The Norwich was recognised as a distinct breed from the Norfolk, distinguished mainly by its pointed, upright ears.
The Norwich Terrier has a long and fascinating intellectual history, as his ancestors went to Cambridge University! Back in the 1870s, it was fashionable for Cambridge undergraduates to have rough terrier dogs, which came from a particular stable yard in Trumpington Street. These became known as Trumpington Terriers, and they earned a reputation as excellent college ratters. In 1900, one of these Trumpington Terriers, called Rags, was given to the owner of a stable yard in Norwich. He was so impressed with this dog that he used him to found a new breed, the Norwich Terrier.
Despite being historically the same breed, the Norfolk Terrier, with his folded ears and softer look, has overtaken the original Norwich Terrier in popularity, and the Norwich is now a rare breed and included in the vulnerable native breeds list in the UK.
There are many ways to remember which of the two has the folded ears and which has the prick ears: some say that Nor‘folks’ ears fold; others say that Nor‘wichs’ ears prick up like a witch’s hat!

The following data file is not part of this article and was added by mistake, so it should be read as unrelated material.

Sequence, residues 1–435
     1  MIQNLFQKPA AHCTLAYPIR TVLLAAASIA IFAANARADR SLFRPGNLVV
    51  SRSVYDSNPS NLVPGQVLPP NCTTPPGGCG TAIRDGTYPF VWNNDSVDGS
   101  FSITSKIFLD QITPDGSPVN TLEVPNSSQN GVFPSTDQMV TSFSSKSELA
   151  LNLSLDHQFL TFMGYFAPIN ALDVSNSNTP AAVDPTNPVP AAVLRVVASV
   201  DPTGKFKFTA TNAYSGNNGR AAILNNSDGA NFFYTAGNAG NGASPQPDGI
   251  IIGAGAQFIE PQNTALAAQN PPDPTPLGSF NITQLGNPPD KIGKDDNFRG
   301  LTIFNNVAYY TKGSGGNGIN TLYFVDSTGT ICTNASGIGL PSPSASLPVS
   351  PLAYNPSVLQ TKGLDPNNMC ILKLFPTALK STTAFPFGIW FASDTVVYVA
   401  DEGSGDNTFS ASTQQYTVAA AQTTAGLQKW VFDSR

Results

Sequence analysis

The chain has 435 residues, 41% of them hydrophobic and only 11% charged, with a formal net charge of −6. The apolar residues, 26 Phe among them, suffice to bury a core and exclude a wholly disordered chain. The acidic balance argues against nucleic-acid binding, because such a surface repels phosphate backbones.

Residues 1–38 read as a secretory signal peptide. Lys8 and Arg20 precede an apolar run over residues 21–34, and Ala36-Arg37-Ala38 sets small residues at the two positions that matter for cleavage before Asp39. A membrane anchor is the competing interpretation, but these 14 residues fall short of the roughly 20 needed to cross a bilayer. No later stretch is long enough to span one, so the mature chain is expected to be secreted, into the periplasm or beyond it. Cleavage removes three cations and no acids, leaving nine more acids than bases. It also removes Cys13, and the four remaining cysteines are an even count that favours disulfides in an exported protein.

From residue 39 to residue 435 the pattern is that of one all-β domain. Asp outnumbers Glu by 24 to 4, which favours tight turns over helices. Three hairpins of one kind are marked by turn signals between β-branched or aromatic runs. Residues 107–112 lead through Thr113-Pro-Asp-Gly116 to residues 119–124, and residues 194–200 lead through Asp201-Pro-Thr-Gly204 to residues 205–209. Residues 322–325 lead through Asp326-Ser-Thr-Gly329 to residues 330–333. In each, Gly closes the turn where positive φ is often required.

Alert and curious with a loving attitude toward their owner. They are an adaptable breed and will happily involve themselves in every aspect of your life with a cheery attitude. The Breed Standard describes them as having a "lovable disposition, not quarrelsome" making them ideal companions and excellent for children.
The ideal height for the Norwich Terrier is around 25cm.
There are no problems regularly associated with this breed although they may be more prone to heart conditions and skin complaints
They need regular interaction with their family and plenty of exercise to avoid lapsing into negative behaviour.
Remember! All breed profiles are general and every dog is an individual.